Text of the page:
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Plans for new turf at local high schools run into obstacles


Staff Writer

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The plan for new football fields at two local high schools ran into a flood of obstacles at the Washington County Board of Education meeting Thursday.

Both Daniel Boone High School and David Crockett High School are currently on deck to receive new synthetic turf for their football fields, but those in charge of making it happen kept running into issues.

“I know you didn’t want to exceed $1.5 million on the project, but it won’t get done for that much,” Baseline Sports Construction President Will Ferguson told the Washington County Board of Education at their Nov. 4 meeting. “We are looking at more like $1.65 million.”

That bid was the amount needed to turf the entirety of both fields, according to Ferguson.

Ferguson pointed out the proximity to the county-owned Gray Quarry, explaining that they needed #57 stone, which is a gravel-like material consisting of specifically sized stones, and #8 stone, otherwise known as clean crushed, which is 50 cents more per unit.

In addition to cost increase, getting the materials to their destination may also be a challenge.

“We will have to build a bridge across the track (at Crockett) with plywood and stone,” Ferguson said. “We will actually have to go across the track twice.”

The entrance and exit points for the material raised concern among the board members.

“We will have to not only cross the track, but also the parking lot and driveway,” Ferguson said. “There will be 300 truckloads of dirt and 250 truckloads of stone.”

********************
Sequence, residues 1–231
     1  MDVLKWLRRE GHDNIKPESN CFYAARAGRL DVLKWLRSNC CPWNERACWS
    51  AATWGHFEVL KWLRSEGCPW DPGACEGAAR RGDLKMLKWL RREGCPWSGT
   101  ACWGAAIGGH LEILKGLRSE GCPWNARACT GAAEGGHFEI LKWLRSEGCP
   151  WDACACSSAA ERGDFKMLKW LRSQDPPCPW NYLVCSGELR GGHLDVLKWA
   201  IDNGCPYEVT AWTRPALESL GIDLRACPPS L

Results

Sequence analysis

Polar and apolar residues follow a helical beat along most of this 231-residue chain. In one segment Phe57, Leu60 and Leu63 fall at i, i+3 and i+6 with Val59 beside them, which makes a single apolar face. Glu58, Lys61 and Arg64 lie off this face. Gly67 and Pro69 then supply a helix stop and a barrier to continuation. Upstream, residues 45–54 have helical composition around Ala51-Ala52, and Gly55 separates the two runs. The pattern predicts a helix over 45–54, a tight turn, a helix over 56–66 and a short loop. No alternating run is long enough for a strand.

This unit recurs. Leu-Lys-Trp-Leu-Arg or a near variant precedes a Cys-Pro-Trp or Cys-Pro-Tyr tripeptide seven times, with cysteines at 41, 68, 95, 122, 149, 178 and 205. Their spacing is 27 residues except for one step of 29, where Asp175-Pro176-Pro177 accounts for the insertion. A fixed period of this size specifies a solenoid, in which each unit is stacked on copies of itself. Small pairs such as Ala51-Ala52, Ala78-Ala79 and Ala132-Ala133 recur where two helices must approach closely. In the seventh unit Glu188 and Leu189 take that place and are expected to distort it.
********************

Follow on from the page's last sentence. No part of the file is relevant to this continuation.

Board chairman Jason Day asked about weight limits for these paths.

“We will need to know the weight limits of the parking lot, bridge and driveway,” Day said. “We want minimum damage while still finding the cost-efficient option.”

While weight was the consideration at Crockett, Boone posed a whole new issue.

“Crockett has three catch basins under their field for water drainage,” Ferguson said. “Boone has none. The field itself becomes one big drainage system. Our question is, how do we get the water off the Boone field?”

Catch basins direct water to connected drain pipes, which then carry the water to a discharge point to avoid flooding.

“There are no outlets. We have to have a catch basin,” Ferguson said. “There has to be a pipe to carry it out, and it isn’t the size of the pipe, but the slope. We need to get it to carry the water in the right direction away from the field.”

Ferguson added, “Once the current issues have been addressed and the project can continue moving forward, there will be a 10 to 12 year lifespan on the fields, with an eight-year warranty.

“We will perform a three-, six- and nine-year maintenance check on the fields to check function and safety,” Ferguson said. “Our goal is to get it to 12 years and meet ASTM (American Society for Testing Materials) standards and criteria.”

Installation, inlays and sewing of the seams is all under the warranty, he said.

“We want to extend the life of the fields as far as possible,” Washington County Director of Schools Jerry Boyd said.

Further discussion between the BOE and Baseline Construction is planned to resolve the issues.